Wow, what a surprise. Can I just say, I loved, loved, loved this book. Graceling has been prominent in a lot of sff blogs and review sites for a while now and has garnered lavish praise. But it didn’t really tickle my fancy until I saw it at my local library and decided, why not? Let’s give it a try. And boy am I glad I did. From the first sentence to the last, Graceling hooked me by its beautiful sentences and incredible story. Kristin Cashore is an amazing writer, and the world she has created is inspired. The world of the Seven Kingdoms itself may be familiar to readers of fantasy, but the graces which bless/inflict some of the characters is a really interesting concept. This is a clever twist on superhero powers and Cashore uses this to explore feelings of alienation, belonging, power, greed and love.

The strength of Graceling lies in the characters, especially the two main protagonists who you will fall in love with as the story progresses. Katsa and Po first meet in a dramatic rescue of Po’s grandfather who was kidnapped by an unknown enemy. What makes this encounter special is that both Katsa and Po are graced with eyes of two different colours and very special gifts. But these graces are not always welcome: Katsa’s grace is killing and she has been working for her uncle, King Randa, as his personal enforcer, dishing out pain and punishment to keep his law. She is ashamed of who she is and wishes somehow that she could change. Po is graced with fighting but has a secret to keep even from his own family. And in a world where peace is an ever fragile thing, there is one person who is drunk on power and wants its all. Katso and Po must find who tried to kidnap his grandfather and prevent the world falling into the hands of their enemy.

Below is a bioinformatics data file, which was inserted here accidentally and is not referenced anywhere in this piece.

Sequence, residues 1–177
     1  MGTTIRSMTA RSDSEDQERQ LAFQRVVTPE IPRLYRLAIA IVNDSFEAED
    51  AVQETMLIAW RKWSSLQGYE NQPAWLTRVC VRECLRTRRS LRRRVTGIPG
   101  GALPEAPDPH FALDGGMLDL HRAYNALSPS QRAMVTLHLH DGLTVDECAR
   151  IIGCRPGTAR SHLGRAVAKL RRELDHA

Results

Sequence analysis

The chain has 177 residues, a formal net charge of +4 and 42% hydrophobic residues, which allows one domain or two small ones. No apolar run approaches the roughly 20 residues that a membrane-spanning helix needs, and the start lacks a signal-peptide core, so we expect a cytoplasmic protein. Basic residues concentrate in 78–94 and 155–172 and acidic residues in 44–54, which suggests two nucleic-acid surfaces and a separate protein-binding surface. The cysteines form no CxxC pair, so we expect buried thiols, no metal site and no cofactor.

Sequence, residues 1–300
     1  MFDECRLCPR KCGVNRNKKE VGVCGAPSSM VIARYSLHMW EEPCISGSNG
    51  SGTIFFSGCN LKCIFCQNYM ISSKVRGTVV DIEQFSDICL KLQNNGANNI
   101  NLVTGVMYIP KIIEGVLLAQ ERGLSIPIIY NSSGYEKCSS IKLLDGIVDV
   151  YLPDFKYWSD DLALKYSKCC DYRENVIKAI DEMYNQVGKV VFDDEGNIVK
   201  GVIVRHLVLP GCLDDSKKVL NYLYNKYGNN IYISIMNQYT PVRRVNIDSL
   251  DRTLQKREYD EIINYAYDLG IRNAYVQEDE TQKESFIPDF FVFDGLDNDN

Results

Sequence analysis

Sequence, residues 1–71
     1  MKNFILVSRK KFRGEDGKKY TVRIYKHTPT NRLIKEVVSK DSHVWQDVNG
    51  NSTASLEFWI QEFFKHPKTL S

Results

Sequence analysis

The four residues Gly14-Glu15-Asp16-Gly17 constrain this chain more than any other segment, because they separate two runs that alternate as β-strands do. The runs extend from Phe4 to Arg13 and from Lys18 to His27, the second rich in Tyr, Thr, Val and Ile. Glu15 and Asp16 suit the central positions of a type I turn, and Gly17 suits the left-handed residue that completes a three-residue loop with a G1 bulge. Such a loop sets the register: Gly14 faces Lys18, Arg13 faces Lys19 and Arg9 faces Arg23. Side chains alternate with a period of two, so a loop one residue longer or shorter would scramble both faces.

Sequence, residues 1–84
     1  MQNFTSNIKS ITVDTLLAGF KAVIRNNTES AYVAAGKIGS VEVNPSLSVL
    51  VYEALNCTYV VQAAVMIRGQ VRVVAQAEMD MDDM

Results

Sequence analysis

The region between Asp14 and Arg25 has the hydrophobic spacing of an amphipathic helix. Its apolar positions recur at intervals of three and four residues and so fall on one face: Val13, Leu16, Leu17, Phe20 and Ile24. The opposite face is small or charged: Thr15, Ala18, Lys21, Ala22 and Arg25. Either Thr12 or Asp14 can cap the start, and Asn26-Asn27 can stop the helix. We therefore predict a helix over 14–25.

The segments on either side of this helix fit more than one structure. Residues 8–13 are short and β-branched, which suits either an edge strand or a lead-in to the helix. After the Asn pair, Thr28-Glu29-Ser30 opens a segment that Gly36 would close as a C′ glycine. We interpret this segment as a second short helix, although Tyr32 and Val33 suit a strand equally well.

Cashore’s novel is deliciously twisted and she strikes a fine balance between good and evil. I liked Katsa who is a feisty, strong and yet vulnerable young woman who knows what she does and doesn’t want and who understands the pain of alienation. She lives in a man’s world and the only reason she can move about it freely is her royal stature and her strength. Cashore has created a heroine who is a better fighter than the men around her, yet I found her extremely feminine and compassionate. However she doesn’t use her femininity to fight, she fights the men on their terms. Katsa knows who she is and doesn’t try to be anyone else. She struggles with her identity and comes out of this struggle stronger and more self assured. And in the process, she finds love and is able to open herself to another person. This is something that all of us go through and Cashore writes about it beautifully.

I, for one, cannot wait to read Cashore’s next book Fire which has just been published this year.

This is my first offering for the Women Unbound Challenge.